Armstrong entered the store at that moment, verifying the worth of the fake gold.
I introduced myself as working this week for The Register. “I could use those coins for my story,” I remarked. “How much shall I pay you?”
The older gentleman seemed ashamed. “Here,” he said, giving me the coins. “You can have them for nothing because that is what they are worth.”
Today, Chamberlin and I visit an unemployment networking group. Maybe their upbeat organization can help others find a way to cope (not to mention find a job).
Dennis Chamberlin and I didn’t sleep much last night in anticipation of our first day at The Des Moines Register, which turned out better than we could imagine, not only in discovering that journalism hasn’t changed much since our time (although people’s reaction to street journalists has), but also in seeing reporters and editors putting in extra hours to get out the news across several platforms.
Again, as a former wire service reporter, that’s not news to me. It was like being back in the bureau again.
Our day began at 7:45 a.m. as we headed out on Duff Avenue, Ames, spotting a man in a yellow bird costume beckoning us to get an “early bird special” at Jiffy Lube. So naturally, we had to stop an interview Marvin Lewis, 50, originally from Chicago who says he was out early to show members of his “Young Men of Integrity” chapter that the early bird gets the job.
You can read about that national group here.
Lewis, a groundskeeper for a local properties management company, said, “I came to Ames from the inner city, Chicago, and got in so much trouble”—indeed, court records verify that; “but then I learned that it’s all about surrounding yourself with the best people. I never had that before.”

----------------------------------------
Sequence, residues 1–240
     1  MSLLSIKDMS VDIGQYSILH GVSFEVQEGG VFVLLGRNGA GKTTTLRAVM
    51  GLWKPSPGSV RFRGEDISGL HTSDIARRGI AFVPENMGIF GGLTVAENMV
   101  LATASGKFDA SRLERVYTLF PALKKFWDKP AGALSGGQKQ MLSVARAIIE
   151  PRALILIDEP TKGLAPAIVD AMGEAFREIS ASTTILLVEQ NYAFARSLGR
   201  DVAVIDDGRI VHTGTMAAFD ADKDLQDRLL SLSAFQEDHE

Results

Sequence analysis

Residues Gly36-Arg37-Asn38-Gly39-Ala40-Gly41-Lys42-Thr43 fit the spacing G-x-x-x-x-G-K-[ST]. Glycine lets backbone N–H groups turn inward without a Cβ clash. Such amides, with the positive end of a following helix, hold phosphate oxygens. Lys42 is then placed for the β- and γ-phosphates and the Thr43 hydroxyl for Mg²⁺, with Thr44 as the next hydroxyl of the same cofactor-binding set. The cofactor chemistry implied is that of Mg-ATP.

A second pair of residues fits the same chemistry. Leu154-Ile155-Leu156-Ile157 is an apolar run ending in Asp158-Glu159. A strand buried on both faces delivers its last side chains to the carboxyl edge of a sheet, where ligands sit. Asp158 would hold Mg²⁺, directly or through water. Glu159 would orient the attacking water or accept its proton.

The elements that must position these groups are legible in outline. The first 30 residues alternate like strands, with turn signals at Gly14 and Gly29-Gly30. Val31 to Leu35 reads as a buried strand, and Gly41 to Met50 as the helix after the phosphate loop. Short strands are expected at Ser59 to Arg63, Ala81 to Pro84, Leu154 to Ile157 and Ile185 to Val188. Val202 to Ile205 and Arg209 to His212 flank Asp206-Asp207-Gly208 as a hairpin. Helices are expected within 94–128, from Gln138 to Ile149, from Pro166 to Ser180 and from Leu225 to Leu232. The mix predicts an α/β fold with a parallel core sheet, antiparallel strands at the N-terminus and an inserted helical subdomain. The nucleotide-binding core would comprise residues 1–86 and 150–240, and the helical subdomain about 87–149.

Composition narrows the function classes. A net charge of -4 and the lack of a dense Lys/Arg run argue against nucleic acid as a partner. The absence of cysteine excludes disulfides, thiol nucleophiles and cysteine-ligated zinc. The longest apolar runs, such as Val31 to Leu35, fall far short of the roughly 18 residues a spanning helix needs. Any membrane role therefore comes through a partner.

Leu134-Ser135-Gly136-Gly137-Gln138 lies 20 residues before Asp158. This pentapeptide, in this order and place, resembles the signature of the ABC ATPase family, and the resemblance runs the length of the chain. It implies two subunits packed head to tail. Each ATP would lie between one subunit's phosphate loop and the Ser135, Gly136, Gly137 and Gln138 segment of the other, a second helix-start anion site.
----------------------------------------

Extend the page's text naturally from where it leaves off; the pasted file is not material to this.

He wants to pass on that experience to youth in our hometown.
About 45 minutes later, we arrived at The Register. Managing Editor Randy Brubaker gave us a tour, temporary press passes and a parking spot. We also got Register coffee mugs, and went straight for the coffee machine, lured by the scent of burnt coffee in a pot that hasn’t been properly washed in a decade.
Then we set out to Gray’s Lake Park. We had immediate luck. We were interviewing an air traffic controller who gave us a great tip about the decline of flights into and out of Des Moines International Airport, in part due to the poor economy. (Indeed, his stats checked out with 137,000 flights in 1998 and steadily declining ones down to 96,000 in 2008 and running well below that figure for the first nine months of this year.)
After the interview, we noticed a woman sitting a few feet behind us on a park bench. We asked if she was unemployed, and she was, a registered nurse who was laid off three weeks ago after going six months from January to June without work. She gave us a great interview so that we had insight into her and others’ situation, and at first allowed us to use her name; but later, she decided she didn’t really want us to. (She says she will read this blog and perhaps reconsider, and we hope that she does.)
Another woman walked past us immediately after, and she was out of work for two years. She also wouldn’t give us her name, but said she walked around the lake every day to give her something to do. “Lots of people do it.”
We hope some of those we interviewed will allow us to use their names, but if not, we’ll quote them anonymously and interview a psychologist who can elaborate on our core question to each person today: Iowa is known for its work ethic, but what happens to Iowans when there is no work?
Then we headed out to some fast food places to see if any college-degree holders were working there. At an empty ice cream parlor, we waited for about 20 minutes before two customers came in. One was retired, but she told us the unemployed in the city could be found at Southridge Mall. Moreover, we’d also find lots of empty stores to document just how bad the economy has become on the southside of the city.